Concrete processingThe extent to which students attempt to apply the content to concrete situations

Self regulationThe extent to which students actively steer their own learning process
  Regulation strategiesExternal regulationThe extent to which students rely on teaching staff or the learning material to steer their learning process
Lack of regulationLack of clarity on how to steer their learning process

Processing strategies refer to those thinking strategies and study skills that students possess and apply to process subject matter. Five such strategies are incorporated: relating and structuring, critical processing, memorizing, analyzing, and concrete processing. Relating and structuring and critical processing are seen as indicators of deep processing or meaning oriented learning, while memorizing and analyzing point towards a stepwise approach in processing or a reproduction orientation. Concrete processing is linked to a vocation orientation.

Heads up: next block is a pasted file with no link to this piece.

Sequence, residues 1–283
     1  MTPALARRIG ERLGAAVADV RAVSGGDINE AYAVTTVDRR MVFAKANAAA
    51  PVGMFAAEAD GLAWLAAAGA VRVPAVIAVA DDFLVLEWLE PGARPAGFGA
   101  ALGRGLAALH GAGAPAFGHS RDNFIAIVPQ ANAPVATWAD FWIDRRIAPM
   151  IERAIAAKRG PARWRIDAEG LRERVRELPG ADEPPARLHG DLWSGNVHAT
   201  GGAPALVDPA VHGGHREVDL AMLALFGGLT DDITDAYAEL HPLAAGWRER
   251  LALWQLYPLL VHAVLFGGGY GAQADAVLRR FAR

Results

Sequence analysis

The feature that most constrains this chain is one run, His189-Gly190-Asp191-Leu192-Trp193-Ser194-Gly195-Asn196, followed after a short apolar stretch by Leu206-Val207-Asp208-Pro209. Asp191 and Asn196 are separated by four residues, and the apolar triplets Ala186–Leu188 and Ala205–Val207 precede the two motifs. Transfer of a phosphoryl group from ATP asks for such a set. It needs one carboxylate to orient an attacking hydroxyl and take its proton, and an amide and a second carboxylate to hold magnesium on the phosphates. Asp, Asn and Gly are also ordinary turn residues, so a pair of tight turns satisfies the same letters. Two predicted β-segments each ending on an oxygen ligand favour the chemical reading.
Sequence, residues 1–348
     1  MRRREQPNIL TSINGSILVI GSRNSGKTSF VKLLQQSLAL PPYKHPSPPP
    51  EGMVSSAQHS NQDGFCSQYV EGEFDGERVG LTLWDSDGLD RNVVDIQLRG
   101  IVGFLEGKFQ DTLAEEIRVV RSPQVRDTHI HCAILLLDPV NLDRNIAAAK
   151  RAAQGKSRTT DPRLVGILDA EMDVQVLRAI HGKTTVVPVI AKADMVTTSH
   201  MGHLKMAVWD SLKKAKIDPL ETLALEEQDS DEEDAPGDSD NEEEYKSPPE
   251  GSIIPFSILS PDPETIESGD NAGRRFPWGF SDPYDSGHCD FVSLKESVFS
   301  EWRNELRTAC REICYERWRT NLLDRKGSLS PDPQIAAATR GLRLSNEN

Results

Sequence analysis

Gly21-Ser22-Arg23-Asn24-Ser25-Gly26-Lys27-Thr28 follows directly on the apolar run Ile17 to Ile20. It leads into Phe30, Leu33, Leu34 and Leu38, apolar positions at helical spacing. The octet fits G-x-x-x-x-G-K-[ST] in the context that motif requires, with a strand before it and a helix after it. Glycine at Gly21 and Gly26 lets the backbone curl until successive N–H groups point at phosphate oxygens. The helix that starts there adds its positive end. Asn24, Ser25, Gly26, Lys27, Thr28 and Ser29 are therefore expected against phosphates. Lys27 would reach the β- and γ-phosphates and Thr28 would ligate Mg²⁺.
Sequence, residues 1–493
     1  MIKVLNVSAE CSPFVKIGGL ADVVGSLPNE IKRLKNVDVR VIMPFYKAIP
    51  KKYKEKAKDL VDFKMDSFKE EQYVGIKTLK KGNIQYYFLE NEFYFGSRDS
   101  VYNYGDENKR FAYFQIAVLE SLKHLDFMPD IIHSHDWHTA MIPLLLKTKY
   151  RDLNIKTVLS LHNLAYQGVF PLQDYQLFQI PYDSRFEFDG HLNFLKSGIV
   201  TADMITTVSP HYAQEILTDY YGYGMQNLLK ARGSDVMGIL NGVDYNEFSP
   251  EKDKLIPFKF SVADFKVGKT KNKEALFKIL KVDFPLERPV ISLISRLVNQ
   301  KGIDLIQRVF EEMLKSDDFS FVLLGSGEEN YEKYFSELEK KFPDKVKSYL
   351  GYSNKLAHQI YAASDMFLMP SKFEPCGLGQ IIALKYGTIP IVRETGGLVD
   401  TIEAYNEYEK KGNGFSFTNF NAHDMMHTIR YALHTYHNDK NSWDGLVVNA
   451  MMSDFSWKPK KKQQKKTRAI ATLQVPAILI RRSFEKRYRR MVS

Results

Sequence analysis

Regulation strategies are those activities students use to steer their cognitive processing. Within the learning pattern model, three such strategies are incorporated, self-regulation, external regulation, and lack of regulation. They refer to students’ preferences for the various sources that can initiate or regulate a learning process. Self-regulated students have a preference for regulating the learning process themselves, while externally regulated students prefer to depend on the teacher or learning material for this. Students who lack regulation experience problems with the regulation of their learning process.